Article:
Carbon capture, or sequestration, is a pivotal element of climate change strategies. We often think about forests as the heroes of natural climate solutions that remove carbon dioxide from the atmosphere. However, did you know that marine ecosystems like estuaries can store carbon, too?
Estuary sediments can store carbon 10 times as quickly  as sediments in forests and, if undisturbed, they can store carbon below ground for thousands of years. Coastal habitats that capture and store this “blue carbon” in marine plants and sediments include mangroves, sea grasses and estuaries.
Here in the Pacific Northwest, some of our greatest blue carbon assets lie in coastal estuaries. Estuary plants such as bulrushes and sedges store carbon in their leaves and roots. However, most of the carbon storage in estuaries occurs in the sediments below. The carbon contained in detritus, such as woody debris and eelgrass, are transported to the estuary by rivers and tides, trapped by estuary plants and degrade into sediment. When the estuary plants die, they also degrade and contribute to carbon storage in the sediment.
Even though estuaries appear to be narrow strips of habitat along coastlines, they are mighty in many other ways, too: They filter water, provide nursery habitat for juvenile salmon and baby crabs and protect communities and homes from flooding.
But coastlines around the world are under pressure. They are popular places to live, important for the transport of goods through ports and nutrient-rich farming areas. When estuaries are diked and drained or filled for development, their ability to store blue carbon is impacted.
Port Susan Bay preserve is a 4,122-acre estuary near the mouth of Hat Slough, where the Stillaguamish River meets the salty sea. Today, TNC preserves and manages this area as healthy habitat and coastal ecosystem. But historically, 150 acres of the preserve were diked and farmed. Similar diked and drained estuary habitat helped build thriving agriculture in the Stillaguamish and Skagit Valleys.
Neighboring farmers at Port Susan Bay were key partners in our efforts to restore this land to estuary habitat while also addressing local flood issues affecting adjacent farms. This community-driven effort recognized the value of nature for people and wildlife while respecting agricultural needs. In 2012, we breached the dike and re-flooding the area, and today the estuary has started to reform. Water is carving channels into the mud, and estuary plants like bulrushes and sedges are taking root. In addition to providing habitat for salmon and Dungeness crab, the site is also serving as a carbon sink.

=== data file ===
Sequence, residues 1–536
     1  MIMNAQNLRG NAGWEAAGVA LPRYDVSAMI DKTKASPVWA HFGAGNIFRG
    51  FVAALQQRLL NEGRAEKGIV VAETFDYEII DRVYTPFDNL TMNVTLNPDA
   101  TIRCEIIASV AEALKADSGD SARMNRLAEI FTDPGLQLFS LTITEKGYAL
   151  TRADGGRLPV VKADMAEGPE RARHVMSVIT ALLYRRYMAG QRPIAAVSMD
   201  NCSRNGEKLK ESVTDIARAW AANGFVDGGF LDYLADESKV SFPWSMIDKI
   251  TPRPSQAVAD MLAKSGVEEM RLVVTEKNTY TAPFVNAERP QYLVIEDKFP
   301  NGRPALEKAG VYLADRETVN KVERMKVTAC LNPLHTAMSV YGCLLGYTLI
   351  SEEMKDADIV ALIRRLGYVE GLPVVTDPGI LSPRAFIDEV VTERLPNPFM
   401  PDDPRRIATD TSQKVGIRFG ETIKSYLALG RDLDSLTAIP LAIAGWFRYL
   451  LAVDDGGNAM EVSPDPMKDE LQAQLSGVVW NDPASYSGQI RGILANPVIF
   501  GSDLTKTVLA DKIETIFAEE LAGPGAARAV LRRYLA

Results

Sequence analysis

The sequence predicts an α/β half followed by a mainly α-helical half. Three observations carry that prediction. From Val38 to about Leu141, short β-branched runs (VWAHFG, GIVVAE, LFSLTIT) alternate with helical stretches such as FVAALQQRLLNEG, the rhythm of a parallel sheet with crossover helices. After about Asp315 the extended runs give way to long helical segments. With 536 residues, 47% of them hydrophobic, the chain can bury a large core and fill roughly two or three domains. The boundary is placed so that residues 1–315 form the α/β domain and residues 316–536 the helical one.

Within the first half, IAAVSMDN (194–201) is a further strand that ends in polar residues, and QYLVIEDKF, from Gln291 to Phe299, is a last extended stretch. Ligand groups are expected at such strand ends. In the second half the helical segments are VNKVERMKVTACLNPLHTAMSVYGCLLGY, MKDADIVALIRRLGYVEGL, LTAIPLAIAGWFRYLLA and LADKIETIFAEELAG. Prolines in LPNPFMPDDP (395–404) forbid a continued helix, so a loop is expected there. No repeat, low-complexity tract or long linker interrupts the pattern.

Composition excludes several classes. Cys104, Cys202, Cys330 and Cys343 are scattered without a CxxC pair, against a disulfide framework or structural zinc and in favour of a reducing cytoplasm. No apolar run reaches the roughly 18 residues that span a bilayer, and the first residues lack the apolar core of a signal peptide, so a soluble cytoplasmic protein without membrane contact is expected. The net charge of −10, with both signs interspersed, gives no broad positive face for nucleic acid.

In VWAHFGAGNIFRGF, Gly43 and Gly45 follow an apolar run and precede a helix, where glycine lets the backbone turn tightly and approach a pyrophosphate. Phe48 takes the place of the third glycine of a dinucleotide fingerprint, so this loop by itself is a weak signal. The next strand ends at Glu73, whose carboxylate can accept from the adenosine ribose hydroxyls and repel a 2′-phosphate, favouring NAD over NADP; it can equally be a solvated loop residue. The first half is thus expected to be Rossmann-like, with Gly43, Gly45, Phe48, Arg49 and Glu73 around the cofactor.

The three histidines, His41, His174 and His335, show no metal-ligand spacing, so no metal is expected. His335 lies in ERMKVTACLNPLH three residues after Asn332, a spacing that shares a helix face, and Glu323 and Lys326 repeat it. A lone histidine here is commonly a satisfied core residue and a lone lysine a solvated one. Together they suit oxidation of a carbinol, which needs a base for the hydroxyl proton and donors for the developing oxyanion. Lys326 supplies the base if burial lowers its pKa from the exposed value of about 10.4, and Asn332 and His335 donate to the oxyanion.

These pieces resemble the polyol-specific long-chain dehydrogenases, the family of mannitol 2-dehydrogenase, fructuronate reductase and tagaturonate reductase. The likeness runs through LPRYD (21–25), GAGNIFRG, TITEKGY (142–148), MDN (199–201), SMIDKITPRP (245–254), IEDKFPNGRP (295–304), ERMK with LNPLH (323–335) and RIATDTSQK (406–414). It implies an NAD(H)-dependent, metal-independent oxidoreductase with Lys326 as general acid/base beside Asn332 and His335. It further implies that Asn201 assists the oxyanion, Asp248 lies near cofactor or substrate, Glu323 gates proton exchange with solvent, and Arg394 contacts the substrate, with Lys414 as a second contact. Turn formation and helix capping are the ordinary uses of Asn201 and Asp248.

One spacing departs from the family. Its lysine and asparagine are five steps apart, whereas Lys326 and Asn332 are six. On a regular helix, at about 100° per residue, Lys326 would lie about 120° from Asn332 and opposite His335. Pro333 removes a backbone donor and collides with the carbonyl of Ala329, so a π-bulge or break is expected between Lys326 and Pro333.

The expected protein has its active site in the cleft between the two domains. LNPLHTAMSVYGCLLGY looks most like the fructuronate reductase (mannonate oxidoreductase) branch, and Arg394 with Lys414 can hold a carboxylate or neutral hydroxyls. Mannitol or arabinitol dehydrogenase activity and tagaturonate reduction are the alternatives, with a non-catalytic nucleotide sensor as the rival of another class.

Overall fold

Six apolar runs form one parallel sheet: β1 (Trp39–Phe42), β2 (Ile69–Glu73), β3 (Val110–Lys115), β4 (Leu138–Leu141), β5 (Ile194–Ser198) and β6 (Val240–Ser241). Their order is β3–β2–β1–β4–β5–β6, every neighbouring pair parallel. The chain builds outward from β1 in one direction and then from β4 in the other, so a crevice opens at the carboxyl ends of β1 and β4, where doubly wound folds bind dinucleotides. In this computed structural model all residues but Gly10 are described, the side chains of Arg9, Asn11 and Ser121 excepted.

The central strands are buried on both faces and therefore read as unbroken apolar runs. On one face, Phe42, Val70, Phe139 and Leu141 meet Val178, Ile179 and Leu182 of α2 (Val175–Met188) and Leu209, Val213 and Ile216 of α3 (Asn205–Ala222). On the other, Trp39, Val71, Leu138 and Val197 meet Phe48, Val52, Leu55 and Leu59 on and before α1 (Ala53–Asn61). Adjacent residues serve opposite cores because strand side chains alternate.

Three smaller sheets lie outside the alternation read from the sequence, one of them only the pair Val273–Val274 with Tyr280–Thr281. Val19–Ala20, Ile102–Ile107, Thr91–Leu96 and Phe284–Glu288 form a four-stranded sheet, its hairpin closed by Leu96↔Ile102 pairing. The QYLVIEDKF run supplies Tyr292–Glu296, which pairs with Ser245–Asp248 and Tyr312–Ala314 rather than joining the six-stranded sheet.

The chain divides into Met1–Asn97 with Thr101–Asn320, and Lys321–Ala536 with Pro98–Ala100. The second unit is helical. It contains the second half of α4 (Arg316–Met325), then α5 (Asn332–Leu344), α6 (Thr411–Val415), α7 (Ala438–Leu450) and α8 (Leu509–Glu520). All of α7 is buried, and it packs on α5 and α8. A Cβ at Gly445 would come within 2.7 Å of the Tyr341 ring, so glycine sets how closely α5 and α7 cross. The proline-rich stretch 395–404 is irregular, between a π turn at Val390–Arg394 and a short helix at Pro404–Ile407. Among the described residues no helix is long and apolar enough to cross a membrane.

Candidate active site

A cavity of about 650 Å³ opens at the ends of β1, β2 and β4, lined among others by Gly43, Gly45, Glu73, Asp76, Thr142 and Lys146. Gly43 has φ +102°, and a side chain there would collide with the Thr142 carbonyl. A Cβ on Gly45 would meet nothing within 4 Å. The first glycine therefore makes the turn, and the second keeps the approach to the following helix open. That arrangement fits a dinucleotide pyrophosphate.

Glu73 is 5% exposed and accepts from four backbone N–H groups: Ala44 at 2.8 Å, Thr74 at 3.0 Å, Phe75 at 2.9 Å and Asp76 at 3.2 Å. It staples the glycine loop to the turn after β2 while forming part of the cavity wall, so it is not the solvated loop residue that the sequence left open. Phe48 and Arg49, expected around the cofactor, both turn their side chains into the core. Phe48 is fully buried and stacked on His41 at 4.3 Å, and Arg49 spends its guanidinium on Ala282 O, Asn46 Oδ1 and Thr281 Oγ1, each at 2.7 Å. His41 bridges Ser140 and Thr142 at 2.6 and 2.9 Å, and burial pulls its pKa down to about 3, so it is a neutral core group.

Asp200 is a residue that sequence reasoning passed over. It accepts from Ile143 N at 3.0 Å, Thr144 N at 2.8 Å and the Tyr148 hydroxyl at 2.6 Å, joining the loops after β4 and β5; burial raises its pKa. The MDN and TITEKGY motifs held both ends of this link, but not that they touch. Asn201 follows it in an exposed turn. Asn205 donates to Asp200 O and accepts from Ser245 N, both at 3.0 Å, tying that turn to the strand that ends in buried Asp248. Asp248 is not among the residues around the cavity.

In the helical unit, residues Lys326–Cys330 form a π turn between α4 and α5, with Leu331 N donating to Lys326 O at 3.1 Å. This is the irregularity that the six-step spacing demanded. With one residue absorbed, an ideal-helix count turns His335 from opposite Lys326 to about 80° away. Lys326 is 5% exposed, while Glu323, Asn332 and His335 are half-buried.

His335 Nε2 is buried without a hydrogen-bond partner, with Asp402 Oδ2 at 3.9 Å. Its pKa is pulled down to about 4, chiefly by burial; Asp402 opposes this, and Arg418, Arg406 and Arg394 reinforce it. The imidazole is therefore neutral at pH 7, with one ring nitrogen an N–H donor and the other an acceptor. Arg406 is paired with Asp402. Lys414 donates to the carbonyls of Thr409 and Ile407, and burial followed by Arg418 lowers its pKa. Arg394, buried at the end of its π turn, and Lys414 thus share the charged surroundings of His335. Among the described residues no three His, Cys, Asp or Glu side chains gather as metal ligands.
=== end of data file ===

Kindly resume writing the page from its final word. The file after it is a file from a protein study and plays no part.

After 6 years of monitoring at our Port Susan Bay preserve, a team of staff at TNC are taking a closer look and thinking about how to make the site even better habitat for fish and other animals while ensuring the estuary is resilient into the future.
A two-year study by Katrina Poppe and John Rybczyk of Western Washington University studied carbon sequestration and marsh growth at TNC’s Port Susan Bay preserve after restoration. Their study found that as the estuary recovers and accumulates sediments, the 150 acre restoration area is expected to sequester about 4,500 to 9,000 Tonnes of carbon, equal to taking 3,000- 7,000 off the road for one year (Poppe et.al 2019).
As carbon dioxide accumulates in our atmosphere; as temperatures increase, sea-levels rise, and water pushes inland, we have choices to make. Will we try to keep the water out, or will we work with nature, building resilient shorelines that are not only beautiful but important for the fish, crabs and carbon storage.
This past week, I was tromping through the marsh, preparing for another field season of estuary monitoring and my feet started to sink into the deep sticky mud. I had 2 thoughts: “Ugh! I’m stuck! And Wow! Look at all this carbon rich sediment- how wonderful!”